Welcome to the musical meandering insights of Aaron Joy. Here you'll find 600 reviews of CDs & DVDs of rock & metal in all its variations, mainstream & indie. What they all share is that the album or band is unique in some way & not every submission was reviewed. Please share these reviews or link to them if you like what you read. Reviews are no longer being posted here but feel free to e-mail Aaron & post comments. (Formerly the Roman Midnight Music Blog) (last update 5/23/2017)
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Style: country-rock, glam rock
Label: Poor Boy Records
Members: Bret Michaels ~ vocals
n/a ~ other instruments
Guest: Miley Cyrus ~ backing vocals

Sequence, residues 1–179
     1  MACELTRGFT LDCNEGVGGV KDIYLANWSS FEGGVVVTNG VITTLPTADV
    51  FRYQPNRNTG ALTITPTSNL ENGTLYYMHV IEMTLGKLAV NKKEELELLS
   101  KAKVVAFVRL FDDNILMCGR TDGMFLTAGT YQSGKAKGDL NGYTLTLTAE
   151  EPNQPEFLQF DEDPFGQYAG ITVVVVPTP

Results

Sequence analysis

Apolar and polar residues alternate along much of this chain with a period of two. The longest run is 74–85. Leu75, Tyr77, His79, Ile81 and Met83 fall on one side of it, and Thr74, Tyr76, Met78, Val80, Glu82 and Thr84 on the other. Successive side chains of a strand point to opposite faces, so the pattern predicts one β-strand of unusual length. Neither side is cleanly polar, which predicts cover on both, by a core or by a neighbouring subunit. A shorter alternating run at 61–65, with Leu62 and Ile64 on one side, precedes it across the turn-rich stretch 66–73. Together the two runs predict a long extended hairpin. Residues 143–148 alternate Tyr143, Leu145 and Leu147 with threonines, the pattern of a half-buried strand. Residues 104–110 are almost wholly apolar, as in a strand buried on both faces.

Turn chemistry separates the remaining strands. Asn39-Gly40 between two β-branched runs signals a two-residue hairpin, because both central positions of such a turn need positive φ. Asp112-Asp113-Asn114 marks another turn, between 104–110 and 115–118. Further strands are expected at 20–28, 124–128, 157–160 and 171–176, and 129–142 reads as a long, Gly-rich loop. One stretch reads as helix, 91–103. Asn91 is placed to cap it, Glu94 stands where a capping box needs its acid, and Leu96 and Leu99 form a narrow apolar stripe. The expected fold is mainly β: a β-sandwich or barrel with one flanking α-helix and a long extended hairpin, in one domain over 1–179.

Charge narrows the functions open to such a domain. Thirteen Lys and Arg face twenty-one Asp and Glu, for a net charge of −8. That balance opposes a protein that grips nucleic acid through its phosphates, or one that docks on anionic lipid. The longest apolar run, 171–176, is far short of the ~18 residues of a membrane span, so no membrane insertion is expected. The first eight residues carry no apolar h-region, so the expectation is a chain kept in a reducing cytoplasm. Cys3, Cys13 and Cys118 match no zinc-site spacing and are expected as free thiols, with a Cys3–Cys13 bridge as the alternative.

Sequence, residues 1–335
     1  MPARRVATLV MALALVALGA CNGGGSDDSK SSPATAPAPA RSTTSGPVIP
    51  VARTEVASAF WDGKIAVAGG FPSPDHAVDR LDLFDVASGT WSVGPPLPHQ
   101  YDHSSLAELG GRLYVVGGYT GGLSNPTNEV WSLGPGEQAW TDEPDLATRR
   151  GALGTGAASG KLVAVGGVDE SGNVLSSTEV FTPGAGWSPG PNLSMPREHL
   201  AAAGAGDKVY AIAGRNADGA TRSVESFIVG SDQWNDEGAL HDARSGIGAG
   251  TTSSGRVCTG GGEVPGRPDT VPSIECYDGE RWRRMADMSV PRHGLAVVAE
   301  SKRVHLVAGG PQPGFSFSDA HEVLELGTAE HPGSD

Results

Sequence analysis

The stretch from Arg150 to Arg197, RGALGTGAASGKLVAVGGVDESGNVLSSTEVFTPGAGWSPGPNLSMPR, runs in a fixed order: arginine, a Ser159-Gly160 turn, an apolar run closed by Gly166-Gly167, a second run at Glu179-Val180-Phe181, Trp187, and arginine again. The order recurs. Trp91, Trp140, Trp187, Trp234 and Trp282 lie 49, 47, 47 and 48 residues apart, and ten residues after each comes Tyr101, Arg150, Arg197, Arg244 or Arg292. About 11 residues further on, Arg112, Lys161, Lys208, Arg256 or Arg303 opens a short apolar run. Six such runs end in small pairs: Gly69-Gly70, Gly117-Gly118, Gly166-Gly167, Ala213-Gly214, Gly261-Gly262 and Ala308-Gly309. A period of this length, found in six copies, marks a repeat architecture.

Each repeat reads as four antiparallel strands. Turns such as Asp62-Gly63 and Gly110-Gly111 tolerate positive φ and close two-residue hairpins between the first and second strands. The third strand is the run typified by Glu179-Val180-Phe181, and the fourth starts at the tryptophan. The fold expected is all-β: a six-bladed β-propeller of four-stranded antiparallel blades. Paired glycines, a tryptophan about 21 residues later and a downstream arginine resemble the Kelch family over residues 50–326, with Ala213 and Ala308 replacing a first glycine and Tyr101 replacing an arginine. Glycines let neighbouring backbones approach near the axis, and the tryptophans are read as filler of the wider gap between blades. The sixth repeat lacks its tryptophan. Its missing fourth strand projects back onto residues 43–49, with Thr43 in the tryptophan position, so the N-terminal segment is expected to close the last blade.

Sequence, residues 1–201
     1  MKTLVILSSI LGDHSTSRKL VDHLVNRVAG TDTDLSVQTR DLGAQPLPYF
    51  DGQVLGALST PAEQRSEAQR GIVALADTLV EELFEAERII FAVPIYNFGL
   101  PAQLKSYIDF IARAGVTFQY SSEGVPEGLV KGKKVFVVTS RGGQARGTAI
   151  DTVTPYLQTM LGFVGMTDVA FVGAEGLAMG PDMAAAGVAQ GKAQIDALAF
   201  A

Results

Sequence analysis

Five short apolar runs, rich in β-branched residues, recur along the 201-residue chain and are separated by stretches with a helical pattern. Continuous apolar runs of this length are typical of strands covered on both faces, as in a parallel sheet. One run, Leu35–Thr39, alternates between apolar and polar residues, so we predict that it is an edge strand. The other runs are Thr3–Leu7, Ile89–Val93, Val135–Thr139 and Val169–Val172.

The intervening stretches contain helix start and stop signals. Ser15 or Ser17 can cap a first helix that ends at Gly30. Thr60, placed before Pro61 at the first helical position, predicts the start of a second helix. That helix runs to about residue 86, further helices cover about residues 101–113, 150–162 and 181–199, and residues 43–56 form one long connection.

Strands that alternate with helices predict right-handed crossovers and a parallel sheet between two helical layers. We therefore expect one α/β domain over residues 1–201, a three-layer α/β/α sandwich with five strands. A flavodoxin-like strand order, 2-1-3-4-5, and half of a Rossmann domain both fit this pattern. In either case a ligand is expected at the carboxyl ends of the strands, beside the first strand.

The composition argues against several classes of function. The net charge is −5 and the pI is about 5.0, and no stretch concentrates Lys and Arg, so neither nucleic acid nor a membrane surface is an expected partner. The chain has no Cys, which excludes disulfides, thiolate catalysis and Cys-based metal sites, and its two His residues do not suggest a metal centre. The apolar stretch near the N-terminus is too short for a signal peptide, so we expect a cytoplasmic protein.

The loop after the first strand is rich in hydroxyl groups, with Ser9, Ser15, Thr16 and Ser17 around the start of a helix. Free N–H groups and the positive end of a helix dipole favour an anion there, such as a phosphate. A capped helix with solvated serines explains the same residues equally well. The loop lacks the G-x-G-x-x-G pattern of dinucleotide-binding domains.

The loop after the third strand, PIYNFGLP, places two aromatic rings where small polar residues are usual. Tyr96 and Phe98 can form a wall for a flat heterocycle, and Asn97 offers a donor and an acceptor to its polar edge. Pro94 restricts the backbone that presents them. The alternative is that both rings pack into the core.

The first of singer BM's four solo albums to have a charting single ... but don't expect the big hair hard rock of his former gig Poison. Actually, if you've been paying attention to his well-orchestrated comeback there's no hint of Poison, even figuratively speaking. The venom is gone while what remains of the L.A. glam should not be this imitative & bland from someone who was once in the front of the scene. But, well-orchestrated is the keyword. Authenticity is not. Poison is long gone & in his mind he never stopped being a superstar, even if nowadays most people only remember Poison for a few hits & being imitative of Motley Crue with extra big hair, so therefore he should be doing what superstars do & not the nostalgia music circuit. There's no nostaligia here. What is it that superstars do today? They're on tv! BM has rekindled his career not as a music superstar but as a tv star who happens to do music, but with 'America Idol' & all its spin-offs that seems to be what everyone does. He's already appeared on 'Celebrity Apprentice 3', 'Nashville Star', 'America's Got Talent' & has his own shows 'Bret Michael: Life As I Know It' & 'Rock Of Love'. Those that grew up with BM in the 80's may have tuned in a few times to see their guy return, but probably tuned out when they saw it was the same face but different scene. 80's rockers who remain 80's rockers aren't interested in being anything but what they are & certainly not 00's rockers. What remained, sadly, ended up being suburbia Christian America that watches a lot of tv ... & buys a lot of stuff including music. There's a reason this album has charted as BM found a niche & a new audience & has recreated himself to their interests. Which means it's not L.A. but Nashville. BM has largely become a country balladeer. The problem is he's about as much as a country singer as Jewel & she has even more of a smalltown image from out of the way Alaska than he does ... it's a way to stay alive, stay relevant, make a living, be famous ... it just lacks any soul or feeling of being real. At least Ted Nugent really is a country boy even when he was a bad boy. I'd like to see BM go out hunting & talk about Republicans & being a good Christian, which he may already do even if his history states otherwise. This isn't a dive on Christians or Republicans, some of my best friends are both, but it's a far different scene than L.A. party time. Some people dig BM's new attitude. That's cool. Really. It's not a bad look. It's just not great music. In a way I hope those people who like it will just go back in time to the good days & check out Poison. This is for those who think Kid Rock is a great rocker & prefer the later decade of Bon Jovi over the early days. Actually, it sounds a lot like later era Bon Jovi. It's commercially slick, a bit of country-flavored Americana, not the Springsteen/Mellencamp Americana genre, & very safe & very middle America middle class. The troops in Iraq reference in at least one set of lyrics is definetly aiming for middle America versus the L.A. sleeze scene where going to war is something to decry not give tears of hope for. But, Bon Jovi is still a relevant band even if those of us who remember the first time around think differently. I give them & BM kudos for finding a way to return & be relevant to a new generation. I just hope ... Though, really, BM has always had a bit of country in his vocabularly. The problem is here he redoes the classic "Every Rose Has Its Thorn" as a straight country song. It's lost its personality & sounds tongue-in-cheek maudlin. What's worse is that this horrible remake already appeared on his earlier Freedom Of Sound album & now gets reissued here. It's one of a three tracks pulled over from the earlier album with a remix of a fourth track, while another track comes from the earlier "A Letter From Death Row." Repeating tracks is nothing but a marketing scheme & belays the well-orchestrated approach as its obviously an album built around the latest reality tv show. Thus, Custom Built is really just an EP in disguise. As for that EP there's a few country rock songs, more country pop than Johnny Cash county folk ... "Riding Against The Wind" even gets a fake heartland accent ... rotating with some imitative sounding sleaze rock. The best songs are the country ballads for the main reason that the country songs feature heart-felt lyrics while the hard rock distorted guitar outings have the most shallow cliched sex lyrics one can get, such as "it's just sex so let's just fuck ... even try to get your name right" from the workable "Lie To Me". The feeling coming across is that BM is totally obvious of the strides that sleaze rock has taken over the years to be something more than bad love songs. Or, maybe he wants to continue the stereotype that rock has nothing to say while country music has a story to tell. It's too bad he has to pander to this line of thinking as obviously he can write good songs whatever the style. One of the more interesting inclusions on Custom Built, if the title itself doesn't belay well-orchestrated, is a cover of Sublime's "What I Got" with a beatbox opening over acoustic guitars in a strange sythesis. But, it rocks harder than anything else on the album when the electric guitars chug in. While if Sublime doesn't reach the new generation than a song with Miley Cyrus doing backing vocals certainly will. It's probably one of the more interesting tracks only hurt by the fact that a non-Cyrus acoustic demo version is included which is obvious filler. As for filler there's a club mix of "Go That Far" showing both BM's desperation to reach everyone, though I've never seen Poison as being good for gay nightclub dance floors, while also giving a compilation appeal to this new release. It's ironic that it's thus the first solo release to have a chart-topping single when its such a marketing scheme in disguise. BM has become a heavy balladeer picking up what made "Every Rose Has Its Thorn" so interesting decades ago but leaving the soul & authenticity behind. What's worse is there's so many of his peers that have also made a comeback but with the music everyone loves them for & the accolades are overwhelming. BM is playing the tv game, good for him for getting the gig, but it's also a fickle audience. Once reality shows are over he'll be over, but 80's rock fans never grow up.